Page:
Economists and members of the business community say the trend, backed by anecdotal evidence and surge in business activities in the city’s wholesale and retail hubs, has raised hopes of a quicker economic recovery in Bengal because it resolves one of the biggest issues of labour constraints in sectors like logistics, textile, manufacturing, goods and public transport and construction.
Conversations with several labourers who have returned revealed depletion of savings, mounting debts and absence of any direct transfer of benefits in their home states prompted their return. Many labourers who returned to the state from Maharashtra and NCR are also heading to Kolkata, primarily because of rising Covid-19 cases. Even if the disease itself weren’t a problem, few of them have the resources now to travel back so far.
“It is a very encouraging sign for the economy of the state and the business community, as labour shortage would have become the biggest constrain in the coming days,” says economist Abhirup Sarkar, a member of the state planning board. “This also indicates that the business activities in the city have picked up, which is creating a demand for these workers. Earlier, it was being expected that it would take a few months for the process of the workers’ return to start. But this happening within a few weeks of unlocking raises a lot of hopes.”
According to a survey by the Confederation of West Bengal Trade Associations (CWBTA), the apex body of leading trade associations of Bengal, more than 75% labourers had rushed to their villages in Bihar, Jharkhand, Eastern UP and Odisha soon after the lockdown was announced in March.
“But the good news is that more than 50% of them are back, and many more are either in transit or preparing to return,” says CWBTA president Sushil Poddar. “Labour constraints were one of the biggest issues when we started opening up, but it is easing with many of them arriving in the city each day.”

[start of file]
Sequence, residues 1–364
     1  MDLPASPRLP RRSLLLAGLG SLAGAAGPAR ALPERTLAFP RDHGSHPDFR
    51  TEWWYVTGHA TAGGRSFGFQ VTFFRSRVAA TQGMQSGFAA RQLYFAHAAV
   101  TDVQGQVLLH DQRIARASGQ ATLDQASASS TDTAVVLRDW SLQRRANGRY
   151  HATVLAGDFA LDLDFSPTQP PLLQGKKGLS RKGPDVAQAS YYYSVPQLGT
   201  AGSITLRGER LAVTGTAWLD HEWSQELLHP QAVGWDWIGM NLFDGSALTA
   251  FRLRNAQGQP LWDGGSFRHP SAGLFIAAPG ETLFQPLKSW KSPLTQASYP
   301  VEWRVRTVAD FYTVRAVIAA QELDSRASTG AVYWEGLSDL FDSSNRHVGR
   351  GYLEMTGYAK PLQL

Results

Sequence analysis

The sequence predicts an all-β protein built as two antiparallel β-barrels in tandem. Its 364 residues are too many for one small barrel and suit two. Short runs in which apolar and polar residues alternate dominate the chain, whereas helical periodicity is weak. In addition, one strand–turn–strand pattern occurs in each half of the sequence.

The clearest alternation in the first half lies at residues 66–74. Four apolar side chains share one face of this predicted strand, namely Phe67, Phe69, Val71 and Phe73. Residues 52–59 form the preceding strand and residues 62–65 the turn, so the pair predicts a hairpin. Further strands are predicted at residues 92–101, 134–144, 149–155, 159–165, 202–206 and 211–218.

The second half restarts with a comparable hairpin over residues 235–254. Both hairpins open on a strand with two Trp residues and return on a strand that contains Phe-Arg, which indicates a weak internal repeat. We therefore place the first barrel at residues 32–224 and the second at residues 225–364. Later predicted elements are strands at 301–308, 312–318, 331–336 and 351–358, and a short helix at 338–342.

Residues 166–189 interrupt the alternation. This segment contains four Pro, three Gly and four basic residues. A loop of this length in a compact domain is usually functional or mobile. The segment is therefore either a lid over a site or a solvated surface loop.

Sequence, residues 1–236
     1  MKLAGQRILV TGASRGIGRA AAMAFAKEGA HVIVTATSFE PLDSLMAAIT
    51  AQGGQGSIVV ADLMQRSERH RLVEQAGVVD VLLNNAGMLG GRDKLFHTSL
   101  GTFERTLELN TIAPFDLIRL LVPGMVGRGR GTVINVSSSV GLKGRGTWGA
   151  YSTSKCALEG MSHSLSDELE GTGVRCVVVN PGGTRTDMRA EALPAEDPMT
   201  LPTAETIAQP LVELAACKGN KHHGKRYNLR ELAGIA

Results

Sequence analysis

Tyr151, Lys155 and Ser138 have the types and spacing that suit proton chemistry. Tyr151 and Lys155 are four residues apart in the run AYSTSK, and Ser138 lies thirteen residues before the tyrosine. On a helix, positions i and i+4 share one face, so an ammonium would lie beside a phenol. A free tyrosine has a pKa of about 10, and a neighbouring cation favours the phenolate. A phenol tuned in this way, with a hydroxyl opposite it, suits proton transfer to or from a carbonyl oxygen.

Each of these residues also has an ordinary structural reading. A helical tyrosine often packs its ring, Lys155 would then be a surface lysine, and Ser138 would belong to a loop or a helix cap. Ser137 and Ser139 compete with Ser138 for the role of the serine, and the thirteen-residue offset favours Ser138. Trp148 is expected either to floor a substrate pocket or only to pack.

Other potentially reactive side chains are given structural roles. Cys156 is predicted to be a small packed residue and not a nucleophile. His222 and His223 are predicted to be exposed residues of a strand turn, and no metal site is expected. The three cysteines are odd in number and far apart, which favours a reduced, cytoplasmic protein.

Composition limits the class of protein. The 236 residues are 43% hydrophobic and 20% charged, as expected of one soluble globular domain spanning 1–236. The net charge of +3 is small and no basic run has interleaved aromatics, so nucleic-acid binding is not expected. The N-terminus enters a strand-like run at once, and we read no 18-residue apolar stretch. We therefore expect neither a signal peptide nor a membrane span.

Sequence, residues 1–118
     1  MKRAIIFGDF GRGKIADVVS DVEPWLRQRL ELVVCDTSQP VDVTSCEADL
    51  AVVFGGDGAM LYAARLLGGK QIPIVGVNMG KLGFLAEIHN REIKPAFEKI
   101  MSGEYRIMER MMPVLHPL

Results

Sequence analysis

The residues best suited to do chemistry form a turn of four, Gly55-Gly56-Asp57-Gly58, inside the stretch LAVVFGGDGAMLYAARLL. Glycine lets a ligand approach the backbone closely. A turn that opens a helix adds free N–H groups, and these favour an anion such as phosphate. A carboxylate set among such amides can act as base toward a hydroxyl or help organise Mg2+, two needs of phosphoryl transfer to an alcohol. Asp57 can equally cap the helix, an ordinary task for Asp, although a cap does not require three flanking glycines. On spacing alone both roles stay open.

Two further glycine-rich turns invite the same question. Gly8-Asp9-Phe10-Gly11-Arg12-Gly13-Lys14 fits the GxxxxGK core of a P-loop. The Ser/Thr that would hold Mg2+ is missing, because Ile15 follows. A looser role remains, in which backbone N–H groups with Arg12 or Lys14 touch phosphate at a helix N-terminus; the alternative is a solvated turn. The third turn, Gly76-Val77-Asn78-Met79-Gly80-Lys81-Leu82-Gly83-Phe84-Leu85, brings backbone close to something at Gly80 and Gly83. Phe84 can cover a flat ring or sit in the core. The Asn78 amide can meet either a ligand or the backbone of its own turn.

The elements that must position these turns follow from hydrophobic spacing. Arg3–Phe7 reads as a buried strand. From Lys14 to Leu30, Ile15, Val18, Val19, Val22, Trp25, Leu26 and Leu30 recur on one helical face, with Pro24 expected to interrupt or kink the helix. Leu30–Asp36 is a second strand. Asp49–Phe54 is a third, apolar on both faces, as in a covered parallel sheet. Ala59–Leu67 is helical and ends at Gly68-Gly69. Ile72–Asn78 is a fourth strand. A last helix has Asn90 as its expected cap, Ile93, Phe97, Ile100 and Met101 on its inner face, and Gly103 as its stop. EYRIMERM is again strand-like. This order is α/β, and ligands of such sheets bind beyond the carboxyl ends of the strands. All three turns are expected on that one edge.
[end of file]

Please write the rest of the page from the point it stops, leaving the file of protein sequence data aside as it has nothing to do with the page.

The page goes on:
Incentives to bring labourers back
The return of labourers, which started as a trickle in the last week of May, turned into a steady flow in the beginning of June.
The wholesale markets of essential commodities in Posta and Burrabazar, which operated with only 20% labour during the lockdown, are now bustling with commercial activity. “The entire market is now open because more than 70% of the labourers, including mutias, drivers and helpers who had left at the start of lockdown, are back. The rest will return soon as we need more people,” says Biswanath Aggarwal, secretary, Posta Bazar Merchants’ Association.
The textile industry in the state was facing a shortage of 90% labourers at the start of Unlock 1.0. “Our industry is a labour-intensive one and totally dependent on workers for the movement of raw materials and finished goods and manufacturing. Many traders are now even offering incentives like money, higher wages and better staying conditions to convince them to return to Kolkata,” says Mahendra Jain, secretary, Chamber of Textile Trade and Industry, an umbrella body that also includes affiliates.
Hundreds of these workers are reaching Kolkata every day in goods vehicles and in cars that operate as app cabs, which their owners took back to their hometowns when the lockdown began.
“Many of them are reaching in lorries from Bihar, Jharkhand and eastern Uttar Pradesh,” said Sanjay Upadhyay, president of the Posta Goods Transport Operators’ Association.
Anil Singh, a van-rickshaw driver in Burrabazar, said he had exhausted all his savings and was running up debts at his village in Bihar’s Banka. “Covid is a reality, but so is hunger. When I heard markets were reopening in Burrabazar, I paid Rs 1,200 to a lorry driver and came to Kolkata. At least I will earn a few hundred rupees at the end of the day and manage to send something home,” he said.
“Many of these labourers thought the governments in their home states would directly transfer money to their bank accounts, which would sustain them for a few months. But that did not happen, so they were forced to return,” said Amitava Dasgupta, a city-based economist.